This piece is a collection of interview by numerous individuals who experienced the event first hand. The article includes quotes and stories from individuals such as Kennedy’s daughter, his colleagues, and world famous poet Robert Frost. Those interviewed shared a variety of memories. Kennedy’s daughter Kathleen-- who was nine years old at the time-- remember’s being too short to see around the adults surrounding her, “I scooted up to see what I could on a small TV”. A few others included memory of the inclimate weather, cold and dreary. Poet Robert Frost spoke of being unable to read the poem he had prepared because of the blazing sun and as a result, had to recite another piece from memory. Brooklyn Rep. Eugene Keogh was one of many to take notice of JFK as the first Irish Catholic president to take office. Because most of the article is factual, personal narratives the style can be classified as an informative
“Scientists who spend years of their lives trying to find cures for diseases … The kid who stands alone instead of joining a gang, which would give him an instant identity … People who take risks despite fears.” After careful examination of the quote, it became apparent that one's everyday human beings can be heroes in their own way, for doing what is right, rather than doing what comes with a reward. Stone uses his imagery to clarify and clearly paint stories of heroism that those of many ages can relate to on a personal level, such as facing one’s fears. Also, Stone adds to his already extensive list of heroes by saying, one does not have to look far for inspiration to be a good person, they can look to friends and family. All in all, in the article “Where I Find my Heroes” written by Oliver Stone, Stone uses the rhetoric devices of examples and imagery to further explain his definition of heroes. Stone uses creative ways to help the reader follow his idea of a hero, such as evolving his writing with his ideas. Also, after reading this article, it became apparent that little gets credited to the heroes who did not make a household name out of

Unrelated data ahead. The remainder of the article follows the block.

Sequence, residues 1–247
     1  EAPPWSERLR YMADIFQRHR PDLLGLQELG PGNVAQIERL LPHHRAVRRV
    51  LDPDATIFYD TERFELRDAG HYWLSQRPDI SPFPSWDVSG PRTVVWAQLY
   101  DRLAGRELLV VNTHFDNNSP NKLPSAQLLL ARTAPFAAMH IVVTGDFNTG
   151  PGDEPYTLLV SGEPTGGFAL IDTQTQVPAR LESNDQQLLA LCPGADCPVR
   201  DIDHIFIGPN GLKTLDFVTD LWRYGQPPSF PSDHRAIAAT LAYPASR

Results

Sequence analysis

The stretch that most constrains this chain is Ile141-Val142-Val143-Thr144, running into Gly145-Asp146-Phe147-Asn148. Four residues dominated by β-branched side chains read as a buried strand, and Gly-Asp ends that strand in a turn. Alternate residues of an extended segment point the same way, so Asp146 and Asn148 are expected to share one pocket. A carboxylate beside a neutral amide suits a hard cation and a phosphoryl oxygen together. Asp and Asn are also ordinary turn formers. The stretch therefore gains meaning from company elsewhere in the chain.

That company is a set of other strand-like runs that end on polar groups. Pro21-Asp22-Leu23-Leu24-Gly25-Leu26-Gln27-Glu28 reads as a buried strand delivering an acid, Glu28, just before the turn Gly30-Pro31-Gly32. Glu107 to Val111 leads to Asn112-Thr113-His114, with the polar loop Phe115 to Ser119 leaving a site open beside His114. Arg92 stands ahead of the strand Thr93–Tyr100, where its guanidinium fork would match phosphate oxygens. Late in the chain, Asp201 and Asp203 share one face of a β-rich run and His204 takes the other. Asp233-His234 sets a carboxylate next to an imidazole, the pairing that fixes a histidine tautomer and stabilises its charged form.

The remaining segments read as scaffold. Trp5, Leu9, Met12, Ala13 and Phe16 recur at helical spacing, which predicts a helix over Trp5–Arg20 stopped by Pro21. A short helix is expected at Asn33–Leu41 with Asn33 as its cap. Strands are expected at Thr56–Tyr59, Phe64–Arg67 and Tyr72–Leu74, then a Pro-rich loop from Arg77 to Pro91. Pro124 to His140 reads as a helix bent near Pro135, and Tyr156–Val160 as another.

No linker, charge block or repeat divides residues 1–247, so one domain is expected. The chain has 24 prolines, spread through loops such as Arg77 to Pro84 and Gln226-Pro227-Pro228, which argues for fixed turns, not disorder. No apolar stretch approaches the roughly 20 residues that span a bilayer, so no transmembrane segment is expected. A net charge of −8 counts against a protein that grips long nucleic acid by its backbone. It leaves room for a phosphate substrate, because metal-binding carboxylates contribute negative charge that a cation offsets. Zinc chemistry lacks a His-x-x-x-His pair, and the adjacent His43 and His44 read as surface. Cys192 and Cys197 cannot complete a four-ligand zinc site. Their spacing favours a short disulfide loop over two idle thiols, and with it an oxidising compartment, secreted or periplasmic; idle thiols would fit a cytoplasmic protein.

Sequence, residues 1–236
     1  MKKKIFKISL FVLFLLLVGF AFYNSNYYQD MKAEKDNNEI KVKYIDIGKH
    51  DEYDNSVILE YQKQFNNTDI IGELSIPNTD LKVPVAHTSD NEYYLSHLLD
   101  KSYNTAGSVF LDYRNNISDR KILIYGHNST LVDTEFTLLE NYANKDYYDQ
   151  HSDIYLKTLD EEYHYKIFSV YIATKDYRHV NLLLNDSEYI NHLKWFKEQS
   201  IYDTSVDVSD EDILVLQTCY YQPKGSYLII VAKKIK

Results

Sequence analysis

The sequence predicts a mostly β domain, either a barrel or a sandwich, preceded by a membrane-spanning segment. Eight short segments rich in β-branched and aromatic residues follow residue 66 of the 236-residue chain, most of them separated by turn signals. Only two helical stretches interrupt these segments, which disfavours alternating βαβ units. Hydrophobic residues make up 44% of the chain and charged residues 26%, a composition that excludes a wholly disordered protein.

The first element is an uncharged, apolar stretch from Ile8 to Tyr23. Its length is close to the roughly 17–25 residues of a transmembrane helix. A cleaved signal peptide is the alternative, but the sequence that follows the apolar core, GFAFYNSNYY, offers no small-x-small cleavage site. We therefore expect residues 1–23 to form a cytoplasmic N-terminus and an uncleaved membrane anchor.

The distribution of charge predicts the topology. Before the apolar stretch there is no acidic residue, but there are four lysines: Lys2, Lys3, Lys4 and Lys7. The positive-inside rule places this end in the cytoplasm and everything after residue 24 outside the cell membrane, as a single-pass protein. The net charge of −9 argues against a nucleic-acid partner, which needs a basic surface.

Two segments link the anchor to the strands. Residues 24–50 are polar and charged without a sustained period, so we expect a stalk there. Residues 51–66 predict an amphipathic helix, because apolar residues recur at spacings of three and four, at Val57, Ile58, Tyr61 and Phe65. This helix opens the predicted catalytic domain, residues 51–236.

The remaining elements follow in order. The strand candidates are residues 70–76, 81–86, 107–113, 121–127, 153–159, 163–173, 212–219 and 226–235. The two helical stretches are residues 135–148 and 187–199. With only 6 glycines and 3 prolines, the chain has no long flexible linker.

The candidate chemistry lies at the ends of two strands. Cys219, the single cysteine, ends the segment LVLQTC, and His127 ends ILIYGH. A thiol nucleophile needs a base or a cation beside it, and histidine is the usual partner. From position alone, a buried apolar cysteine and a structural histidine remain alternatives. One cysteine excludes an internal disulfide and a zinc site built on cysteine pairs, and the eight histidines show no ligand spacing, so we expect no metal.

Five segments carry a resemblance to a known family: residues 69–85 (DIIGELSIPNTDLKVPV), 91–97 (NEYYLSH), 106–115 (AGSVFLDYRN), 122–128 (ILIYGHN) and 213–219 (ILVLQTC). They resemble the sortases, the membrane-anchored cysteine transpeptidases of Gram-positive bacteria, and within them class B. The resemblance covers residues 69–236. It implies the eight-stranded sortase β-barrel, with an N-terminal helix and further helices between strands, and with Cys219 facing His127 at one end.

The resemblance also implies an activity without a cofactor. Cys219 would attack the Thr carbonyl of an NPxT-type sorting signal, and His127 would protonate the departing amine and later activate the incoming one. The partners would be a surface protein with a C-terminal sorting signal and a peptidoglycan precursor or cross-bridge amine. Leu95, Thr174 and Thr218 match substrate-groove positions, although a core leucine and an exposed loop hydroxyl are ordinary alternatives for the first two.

Heroes put others before themselves and will do anything to ensure that thing’s safety. Many people have either risked their lives or have loss their lives due to trying to save others. An example of this would be the man in the red bandana or Welles Crowther. Crowther was working in the twin towers as planes were crashing into them. Crowther could have ran away from the other people when the planes hit, but he chose not to spare himself, but to save others and sacrifice his own life. In the documentary, The Man in the Red Bandana, which talks about a common hero who gave up his life to save others, it states,” Instinct grabbed him and he immediately tried to save lives.’’ This quote shows how Crowther, by nature, helps people. Also how he